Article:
Hijacking of Flight 305 by D.B. Cooper: CASE CLOSED!


D.B. Cooper

D.B. Cooper

On the afternoon of November 24, 1971 a man identifying himself as Dan Cooper purchased a one way ticket from Portland, Oregon to Seattle, Washington. He boarded Northwest Airlines flight 305, a Boeing 727, carrying a briefcase and wearing a suit with a black overcoat. Cooper took a seat in the rear of the plane. Once in flight he lit a cigarette and ordered a drink from the flight attendant. After receiving and paying for his drink, Cooper passed a note to the flight attendant which stated that he had a bomb. The note went on to say that he wanted $200,000 in twenty dollar bills and two parachutes upon landing in Seattle. Wearing sunglasses, the mystery man remained calm and cordial to the flight attendants.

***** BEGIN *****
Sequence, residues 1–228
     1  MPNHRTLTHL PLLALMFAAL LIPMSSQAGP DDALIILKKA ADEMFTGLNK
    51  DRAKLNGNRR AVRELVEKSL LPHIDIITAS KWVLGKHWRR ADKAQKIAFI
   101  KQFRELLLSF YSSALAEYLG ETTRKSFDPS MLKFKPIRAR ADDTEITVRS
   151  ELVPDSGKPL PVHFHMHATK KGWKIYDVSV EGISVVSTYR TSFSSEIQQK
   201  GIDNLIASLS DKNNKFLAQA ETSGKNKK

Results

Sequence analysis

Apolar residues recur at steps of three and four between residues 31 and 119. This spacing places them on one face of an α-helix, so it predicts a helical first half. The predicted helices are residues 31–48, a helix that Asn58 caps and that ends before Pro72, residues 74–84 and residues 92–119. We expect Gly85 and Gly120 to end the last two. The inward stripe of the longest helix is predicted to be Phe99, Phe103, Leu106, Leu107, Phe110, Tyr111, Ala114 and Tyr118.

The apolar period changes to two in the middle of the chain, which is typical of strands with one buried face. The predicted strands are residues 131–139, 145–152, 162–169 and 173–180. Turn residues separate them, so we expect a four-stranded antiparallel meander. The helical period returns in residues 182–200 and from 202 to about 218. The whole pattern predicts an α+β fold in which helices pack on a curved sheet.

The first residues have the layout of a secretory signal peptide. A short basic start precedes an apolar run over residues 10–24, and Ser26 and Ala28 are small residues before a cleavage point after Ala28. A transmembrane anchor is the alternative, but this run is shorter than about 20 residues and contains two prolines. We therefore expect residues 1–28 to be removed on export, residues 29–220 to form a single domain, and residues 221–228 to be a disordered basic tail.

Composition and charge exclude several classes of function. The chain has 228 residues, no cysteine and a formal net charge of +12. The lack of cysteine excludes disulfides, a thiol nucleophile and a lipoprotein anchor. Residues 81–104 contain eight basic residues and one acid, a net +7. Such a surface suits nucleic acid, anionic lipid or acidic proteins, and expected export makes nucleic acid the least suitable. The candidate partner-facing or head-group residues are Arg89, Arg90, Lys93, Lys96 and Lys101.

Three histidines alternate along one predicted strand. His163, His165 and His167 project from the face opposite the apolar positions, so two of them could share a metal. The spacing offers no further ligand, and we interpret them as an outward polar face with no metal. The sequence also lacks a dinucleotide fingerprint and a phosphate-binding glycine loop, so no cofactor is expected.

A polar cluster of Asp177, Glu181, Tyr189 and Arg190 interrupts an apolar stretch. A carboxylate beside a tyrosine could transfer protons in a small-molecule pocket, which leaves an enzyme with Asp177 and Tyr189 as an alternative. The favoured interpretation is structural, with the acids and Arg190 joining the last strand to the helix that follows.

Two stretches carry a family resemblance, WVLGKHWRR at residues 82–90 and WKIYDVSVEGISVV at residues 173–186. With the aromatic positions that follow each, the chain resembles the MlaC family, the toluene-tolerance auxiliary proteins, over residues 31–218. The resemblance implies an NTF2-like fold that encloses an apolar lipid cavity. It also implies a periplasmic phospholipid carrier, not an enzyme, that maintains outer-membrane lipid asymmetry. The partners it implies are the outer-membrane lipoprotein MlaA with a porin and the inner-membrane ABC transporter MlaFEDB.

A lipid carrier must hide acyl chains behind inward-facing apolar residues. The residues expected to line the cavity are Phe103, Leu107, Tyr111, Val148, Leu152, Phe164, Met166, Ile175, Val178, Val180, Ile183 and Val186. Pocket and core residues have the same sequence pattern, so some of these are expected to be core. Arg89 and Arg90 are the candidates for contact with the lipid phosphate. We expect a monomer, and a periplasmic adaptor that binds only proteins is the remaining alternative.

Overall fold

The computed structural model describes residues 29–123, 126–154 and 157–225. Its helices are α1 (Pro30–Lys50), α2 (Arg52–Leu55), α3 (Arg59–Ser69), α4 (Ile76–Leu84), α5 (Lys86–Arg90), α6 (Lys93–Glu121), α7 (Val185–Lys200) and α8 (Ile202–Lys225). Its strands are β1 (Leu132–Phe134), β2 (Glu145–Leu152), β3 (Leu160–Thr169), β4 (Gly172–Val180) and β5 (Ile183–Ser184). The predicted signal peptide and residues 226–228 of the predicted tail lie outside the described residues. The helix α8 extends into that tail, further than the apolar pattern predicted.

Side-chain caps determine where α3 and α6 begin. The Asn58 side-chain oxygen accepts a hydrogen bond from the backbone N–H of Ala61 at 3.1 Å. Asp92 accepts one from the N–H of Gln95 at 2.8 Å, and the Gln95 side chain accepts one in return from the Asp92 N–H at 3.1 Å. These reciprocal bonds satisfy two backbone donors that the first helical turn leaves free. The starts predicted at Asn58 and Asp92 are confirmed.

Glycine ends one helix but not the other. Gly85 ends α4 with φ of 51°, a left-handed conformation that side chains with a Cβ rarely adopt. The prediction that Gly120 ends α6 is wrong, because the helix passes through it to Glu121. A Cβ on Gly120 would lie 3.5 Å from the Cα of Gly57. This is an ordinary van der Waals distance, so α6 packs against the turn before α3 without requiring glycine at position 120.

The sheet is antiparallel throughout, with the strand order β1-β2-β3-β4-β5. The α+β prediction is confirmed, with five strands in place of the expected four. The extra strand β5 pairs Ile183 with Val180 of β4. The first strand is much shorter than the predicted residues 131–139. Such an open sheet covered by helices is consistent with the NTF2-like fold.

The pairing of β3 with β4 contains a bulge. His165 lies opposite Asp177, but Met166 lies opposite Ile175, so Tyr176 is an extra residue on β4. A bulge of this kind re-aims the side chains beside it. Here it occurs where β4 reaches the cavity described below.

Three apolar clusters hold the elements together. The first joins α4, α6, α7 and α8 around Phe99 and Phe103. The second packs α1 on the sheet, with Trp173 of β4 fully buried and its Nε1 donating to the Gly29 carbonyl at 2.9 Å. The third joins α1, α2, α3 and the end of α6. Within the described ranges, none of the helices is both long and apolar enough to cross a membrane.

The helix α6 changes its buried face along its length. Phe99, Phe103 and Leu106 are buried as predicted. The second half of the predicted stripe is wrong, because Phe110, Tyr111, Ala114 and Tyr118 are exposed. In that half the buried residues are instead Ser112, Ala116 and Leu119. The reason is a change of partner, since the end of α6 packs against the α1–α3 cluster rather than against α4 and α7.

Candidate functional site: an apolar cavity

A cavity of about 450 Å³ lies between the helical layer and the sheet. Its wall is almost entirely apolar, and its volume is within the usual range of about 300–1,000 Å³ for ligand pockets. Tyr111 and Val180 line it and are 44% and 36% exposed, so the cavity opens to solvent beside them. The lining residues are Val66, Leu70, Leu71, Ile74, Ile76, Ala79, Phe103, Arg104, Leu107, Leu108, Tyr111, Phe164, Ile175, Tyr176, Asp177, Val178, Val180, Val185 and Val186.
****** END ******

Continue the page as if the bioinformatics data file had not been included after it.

Once on the ground in Seattle, the FBI provided the ransom money after thoroughly documenting and photographing each of the bills. Two parachutes were provided to the hijacker and the plane was refueled. Upon receiving all of his ransom demands, Cooper released all of the passengers and flight attendants. All who remained on the plane were the pilot, co-pilot, the flight engineer and one flight attendant. He then instructed the pilots to fly toward Mexico City at 200 miles per hour at an altitude of 10,000 feet. The hijacked airliner took off from Seattle at 7:40 p.m. with the flight crew under instructions to stay in the cockpit. Shortly after take-off, flight attendant Muklow observed the hijacker tying something to his body.  At 8:00 p.m., the rear staircase indicator light came on in the cockpit as the rear staircase of the craft was being lowered manually from inside the aircraft. At 8:13 p.m. with two parachutes and twenty-one pounds of ransom money in hand, Dan Cooper jumped into history.